Pessimistic, realistic and ready to work hard: welcome to the class of 2014

GradIreland’s new Trendence Graduate Barometer finds the class of 2014 to be pessimistic about work opportunities


The graduates of 2014 face a slightly friendlier economic climate than their recent counterparts. While things are tentatively looking up, realism is the name of the game. GradIreland’s Trendence Graduate Barometer of 2014 finds current graduates to be measured in expectations and still quite pessimistic about work opportunities.

The outward flow of young people seems to be accepted as part of the deal with graduates willing to relocate wherever the work is. Graduates may not be prepared for the practicalities of salary negotiation, and a disarming idealism shines through in responses about what is important to them in their careers.

This year’s Trendence barometer surveyed almost 8,000 graduates from areas such as business, science, engineering and technology. Students in the top 20 per cent of their class, who have taken part in extra-curricular activities and with experience abroad and in the Irish workplace, are classified as “high potential candidates”.

The stark effect of the continuing emigration brain drain comes into sharp focus with 55 per cent of the high potential business graduates saying they will leave the country for work. About 65 per cent of graduates would be willing to relocate within Europe, while 58 per cent are willing to go anywhere in the world for the right job. Fewer than 10 per cent would not consider relocating.

Graduates agree on the ongoing difficulties in the jobs market with about 60 per cent expecting it to be tough to get a job in 2014. Indeed, 60 per cent of graduates also admit to being worried about their future careers. Just 35 per cent have a definite career plan with a 10-year goal.

The message about lifelong learning and career agility has been received and understood with 90 per cent believing they must be flexible and willing to take on different roles in their working lives.

More than half use social networking in job searches and employer research, although applying to employers through career networking sites such as Linkedin was less popular. Under a quarter of business graduates and just 30 per cent of science, technology and engineering graduates, had done so.

Despite the relative gloom about prospects, most graduates expect to achieve at least the same standard of living as their parents and more than two-thirds agreed that fulfilment was more important than money in their working lives. That statistic is a good example of the idealism that infuses the survey.

Asked what was important in an employer, good career prospects came out on top. Believe it or not, prestige and a high starting salary are at the bottom of the wish-list, trumped by things such as training opportunities, a good work/life balance and opportunities for personal development. The leadership style of an employer was rated as important as was being appreciated at work, particularly for female graduates.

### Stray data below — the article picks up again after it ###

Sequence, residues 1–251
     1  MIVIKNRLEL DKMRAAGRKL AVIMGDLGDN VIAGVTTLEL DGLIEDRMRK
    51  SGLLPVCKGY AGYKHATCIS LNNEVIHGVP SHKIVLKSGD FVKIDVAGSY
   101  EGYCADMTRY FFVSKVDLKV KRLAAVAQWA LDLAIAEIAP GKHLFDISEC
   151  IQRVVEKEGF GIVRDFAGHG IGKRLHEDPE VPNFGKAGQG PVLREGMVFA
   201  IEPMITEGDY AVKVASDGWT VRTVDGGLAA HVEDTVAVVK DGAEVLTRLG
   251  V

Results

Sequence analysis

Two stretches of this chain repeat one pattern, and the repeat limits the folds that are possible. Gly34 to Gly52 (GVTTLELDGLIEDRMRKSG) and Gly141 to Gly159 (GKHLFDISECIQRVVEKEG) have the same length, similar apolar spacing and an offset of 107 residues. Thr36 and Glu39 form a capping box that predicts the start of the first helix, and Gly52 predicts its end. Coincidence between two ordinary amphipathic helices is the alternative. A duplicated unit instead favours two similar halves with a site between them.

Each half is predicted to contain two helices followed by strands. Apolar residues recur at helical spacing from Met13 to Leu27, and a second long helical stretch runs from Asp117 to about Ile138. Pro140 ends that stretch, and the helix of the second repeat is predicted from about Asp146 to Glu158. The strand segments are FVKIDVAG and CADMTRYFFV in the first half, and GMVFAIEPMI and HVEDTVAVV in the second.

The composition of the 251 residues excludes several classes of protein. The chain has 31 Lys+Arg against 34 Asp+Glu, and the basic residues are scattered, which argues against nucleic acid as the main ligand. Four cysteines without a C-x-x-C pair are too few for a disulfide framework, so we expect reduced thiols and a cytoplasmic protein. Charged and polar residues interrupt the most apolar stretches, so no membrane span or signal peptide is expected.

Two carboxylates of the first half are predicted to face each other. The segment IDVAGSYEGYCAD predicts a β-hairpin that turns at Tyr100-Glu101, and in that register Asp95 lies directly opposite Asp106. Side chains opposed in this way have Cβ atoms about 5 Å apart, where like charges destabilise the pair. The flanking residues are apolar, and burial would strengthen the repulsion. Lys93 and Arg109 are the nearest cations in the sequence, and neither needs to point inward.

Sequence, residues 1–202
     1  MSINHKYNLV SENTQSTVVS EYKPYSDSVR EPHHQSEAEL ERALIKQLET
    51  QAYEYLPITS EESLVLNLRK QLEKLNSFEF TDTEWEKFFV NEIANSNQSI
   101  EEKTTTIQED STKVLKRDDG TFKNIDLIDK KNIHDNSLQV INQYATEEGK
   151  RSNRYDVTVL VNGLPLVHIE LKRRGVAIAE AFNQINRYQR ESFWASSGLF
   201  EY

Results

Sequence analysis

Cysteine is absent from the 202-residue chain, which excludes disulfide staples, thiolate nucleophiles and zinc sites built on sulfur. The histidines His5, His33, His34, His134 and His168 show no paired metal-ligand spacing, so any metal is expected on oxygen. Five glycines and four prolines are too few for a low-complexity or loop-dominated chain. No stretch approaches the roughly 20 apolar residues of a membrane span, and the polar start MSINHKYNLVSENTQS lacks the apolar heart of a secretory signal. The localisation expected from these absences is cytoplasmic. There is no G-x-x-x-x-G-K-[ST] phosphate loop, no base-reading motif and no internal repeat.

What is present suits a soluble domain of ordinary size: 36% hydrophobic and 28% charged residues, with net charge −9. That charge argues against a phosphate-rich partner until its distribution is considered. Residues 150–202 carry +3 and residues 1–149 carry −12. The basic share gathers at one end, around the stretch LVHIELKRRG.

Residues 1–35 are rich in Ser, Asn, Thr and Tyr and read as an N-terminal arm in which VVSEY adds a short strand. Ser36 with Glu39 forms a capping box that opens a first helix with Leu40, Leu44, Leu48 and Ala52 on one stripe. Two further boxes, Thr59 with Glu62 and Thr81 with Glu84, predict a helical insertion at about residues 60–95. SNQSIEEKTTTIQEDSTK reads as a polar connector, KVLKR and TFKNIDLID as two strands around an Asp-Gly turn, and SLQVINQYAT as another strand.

Starting salaries
Most expect to exceed a 40-hour week with high-potential graduates expecting to work longer hours, averaging out at about 46 hours per week. These expect a slightly higher starting salary than their peers, on average €30,000 (other graduates expect €28,000-€29,000 for a 43-hour week).

They do not believe they are well-prepared for salary negotiations. Just 34 per cent of business graduates and 37 per cent of science, technology and engineering graduates agreed they were aware of what they can demand as a starting salary.

Interestingly, when it came to high achievers in science, technology and engineering, just under 16 per cent of students knew what they could demand when it came to salary. This contrasted with high achievers in business disciplines, where less than half knew what they could expect.

Given what we know about the inequalities of salary and gender, it comes as little surprise that there was a clear divide among business graduates, with less than 30 per cent of female graduates knowing what salary they could ask for, in contrast to almost 40 per cent of male graduates.

The question about whether they believed their course provided them with the skills necessary for the labour market yielded another interesting statistic.

While almost 70 per cent of male business graduates believed it did, less than 57 per cent of female business graduates agreed. The question about whether men and women need different skills to prepare them for the workplace and whether at the moment the skills provided are more suited to male graduates is possibly worth examining.

For graduates with a high level of potential the opportunity to work independently in their careers is seen to be more important than high-class amenities such as a company car or club memberships. Three quarters of high potential business graduates and more than two thirds of science, engineering and technology agreed this was true.

The culture of internships and working for free for experience is one hangover from the recession that shows no sign of abating. The survey found well over 40 per cent of graduates are willing to work for free in a good internship.

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